Sculp­tor Mubayi goes in­ter­na­tional:

The Herald (Zimbabwe) - - Review -

SYLVESTER Mubayi is a vet­eran in the vis­ual art in­dus­try with a ca­reer span­ning over five decades.

He is a men­tor with Friends For­ever artists, and de­lib­er­ately so, he pri­ori­tises giv­ing sup­port and in­spi­ra­tion to the most tal­ented younger artists in his field, the stone sculp­ture of Zim­babwe.

His pieces, which are rep­re­sen­ta­tive of lo­cal spir­i­tual prac­tices, wildlife, hu­man­ity and so­cio- cul­tural re­la­tions are not just daz­zling to the eye but are also laden with mean­ing.

This year he was se­lected to be­come one of the artists that rep­re­sented Zim­babwe in the 57th Venice Bi­en­nale a pres­ti­gious cul­tural plat­form which at­tracts artists, cu­ra­tors, art col­lec­tors, art crit­ics and di­rec­tors from across the globe. Es­tab­lished in 1895, the Bi­en­nale has an at­ten­dance to­day of over 500,000 vis­i­tors at the Art Ex­hi­bi­tion.

The his­tory of the Venice Bi­en­nale dates back from 1895, when the first In­ter­na­tional Art Ex­hi­bi­tion was or­gan­ised.

Zim­babwe through the sup­port of our Ministry has been able to con­sis­tently par­tic­i­pate on this plat­form since its first show­ing in 2011.

This week sculpt­ing Icon, Sylvester Mubayi shared with us his ex­pe­ri­ence of be­ing at the 57th edi­tion of the Venice Bi­en­nale.

“The ex­pe­ri­ence of trav­el­ing to Venice and hav­ing my work ex­posed to art ap­pre­ci­a­tors and col­lec­tors from all over the world was an amaz­ing one.

“I got to wit­ness art from all over the world which was unique in its own way as it ex­pressed the way of life and way of do­ing things from dif­fer­ent na­tions. I vis­ited pavil­ions of other African coun­tries; Nige­ria (which has made its de­but at the Bi­en­nale for the first time in his­tory), Kenya, An­gola and South Africa. These vis­its in­spired me as an artist to fur­ther de­velop and en­hance the kind of work that I pro­duce.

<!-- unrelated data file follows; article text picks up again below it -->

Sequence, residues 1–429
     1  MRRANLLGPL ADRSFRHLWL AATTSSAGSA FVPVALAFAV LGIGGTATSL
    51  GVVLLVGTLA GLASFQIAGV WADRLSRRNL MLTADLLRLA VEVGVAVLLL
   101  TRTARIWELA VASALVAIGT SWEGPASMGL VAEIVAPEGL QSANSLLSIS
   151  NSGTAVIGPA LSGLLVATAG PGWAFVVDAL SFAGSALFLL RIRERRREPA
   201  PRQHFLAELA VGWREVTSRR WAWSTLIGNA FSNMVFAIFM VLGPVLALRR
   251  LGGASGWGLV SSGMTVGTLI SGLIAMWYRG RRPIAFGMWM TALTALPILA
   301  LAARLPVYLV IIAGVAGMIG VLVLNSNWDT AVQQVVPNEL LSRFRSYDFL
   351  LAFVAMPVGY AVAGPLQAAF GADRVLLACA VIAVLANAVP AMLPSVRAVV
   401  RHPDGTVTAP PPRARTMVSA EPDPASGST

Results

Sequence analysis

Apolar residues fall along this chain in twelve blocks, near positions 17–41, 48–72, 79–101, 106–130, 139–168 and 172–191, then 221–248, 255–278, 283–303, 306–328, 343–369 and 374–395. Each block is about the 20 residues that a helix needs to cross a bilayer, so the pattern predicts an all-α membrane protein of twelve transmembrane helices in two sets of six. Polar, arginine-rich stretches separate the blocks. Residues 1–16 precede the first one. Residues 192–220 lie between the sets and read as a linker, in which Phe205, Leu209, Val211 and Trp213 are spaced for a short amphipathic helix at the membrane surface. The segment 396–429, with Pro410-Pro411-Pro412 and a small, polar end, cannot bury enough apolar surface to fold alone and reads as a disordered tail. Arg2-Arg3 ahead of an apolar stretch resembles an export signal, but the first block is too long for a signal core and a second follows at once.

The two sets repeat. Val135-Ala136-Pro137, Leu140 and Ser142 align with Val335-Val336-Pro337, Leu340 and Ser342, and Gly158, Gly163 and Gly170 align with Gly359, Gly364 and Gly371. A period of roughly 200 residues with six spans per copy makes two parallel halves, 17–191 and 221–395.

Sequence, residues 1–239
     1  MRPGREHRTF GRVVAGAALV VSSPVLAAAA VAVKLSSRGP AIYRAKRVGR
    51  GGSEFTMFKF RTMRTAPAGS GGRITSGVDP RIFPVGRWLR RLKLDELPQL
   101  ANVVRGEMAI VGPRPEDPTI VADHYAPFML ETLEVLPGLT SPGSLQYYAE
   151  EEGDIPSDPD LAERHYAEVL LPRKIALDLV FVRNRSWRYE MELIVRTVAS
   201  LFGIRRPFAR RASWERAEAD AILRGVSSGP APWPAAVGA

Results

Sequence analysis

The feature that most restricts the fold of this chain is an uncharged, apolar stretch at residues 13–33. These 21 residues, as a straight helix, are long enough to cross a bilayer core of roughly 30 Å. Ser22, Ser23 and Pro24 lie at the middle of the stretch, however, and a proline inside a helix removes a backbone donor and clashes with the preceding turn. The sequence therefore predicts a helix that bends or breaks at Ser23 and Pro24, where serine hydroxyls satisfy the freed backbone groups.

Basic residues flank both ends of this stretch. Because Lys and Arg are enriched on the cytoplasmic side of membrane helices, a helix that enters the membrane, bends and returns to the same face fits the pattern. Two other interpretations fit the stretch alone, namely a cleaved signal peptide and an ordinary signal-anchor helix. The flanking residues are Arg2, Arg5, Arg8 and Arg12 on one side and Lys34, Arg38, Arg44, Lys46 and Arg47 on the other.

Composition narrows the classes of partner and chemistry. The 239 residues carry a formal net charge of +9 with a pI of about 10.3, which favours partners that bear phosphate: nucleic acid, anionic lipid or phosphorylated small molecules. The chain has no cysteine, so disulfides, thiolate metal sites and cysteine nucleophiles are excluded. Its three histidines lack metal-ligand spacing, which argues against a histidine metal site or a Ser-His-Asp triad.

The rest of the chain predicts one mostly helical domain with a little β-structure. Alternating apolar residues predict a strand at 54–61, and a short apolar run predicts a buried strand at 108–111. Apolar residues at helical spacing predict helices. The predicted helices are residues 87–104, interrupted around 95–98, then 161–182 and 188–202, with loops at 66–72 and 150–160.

“We also had a large num­ber of peo­ple com­ing in to view and in­ter­act with our work and this made all the work and ef­fort we put in pre­par­ing for the Pav­il­ion worth it,” said Mubayi

He added, “I would like to ex­tend my grat­i­tude to the Ex­ec­u­tive Direc­tor at the Na­tional Gallery of Zim­babwe, Mrs Doreen Sibanda and the Deputy Direc­tor Mr Raphael Chikukwa for af­ford­ing me with such an op­por­tu­nity.

“I was shocked when I re­ceived the news that I had been se­lected to go to the Venice Bi­en­nale and rep­re­sent the coun­try at an in­ter­na­tional level. I am also grate­ful to my fel­low artists who were with me in Venice as we were able to cre­ate amaz­ing works that at­tracted and are still at­tract­ing wide va­ri­ety of vis­i­tors to the Zim­bab­wean Pav­il­ion.”

Mubayi gave us an in­sight into some of the work that he was com­mis­sioned to do for the Zim­bab­wean Pav­il­ion in Venice project.

“My work is about the peo­ple of Zim­babwe, their rit­u­als, how they live and what they eat. My fo­cus is on those peo­ple who follow age old tra­di­tions and those who be­lieve in the sa­cred in­hibit­ing the coun­try and spirit medi­ums. The folk­tales, proverbs and id­ioms that were re­layed to us while we sat shelling maize around the fire in the evenings are the main source of in­spi­ra­tion for my sculp­ture. My work is a chronol­ogy of how peo­ple in Zim­babwe live and work to­gether,” said Mubayi

Some of his out­stand­ing are Snail Cross­ing the River, Nhau­ri­ranwa, War Vic­tim and Spirit Buf­falo/Mudz­imu We Ny­athi.

The Snail Cross­ing the River in­stal­la­tion is about a com­mu­nity`s in­volve­ment in the up­bring­ing of chil­dren.

Long ago peo­ple took dry tree trunks and made ca­noes which were then used to trans­port fam­i­lies across flooded rivers.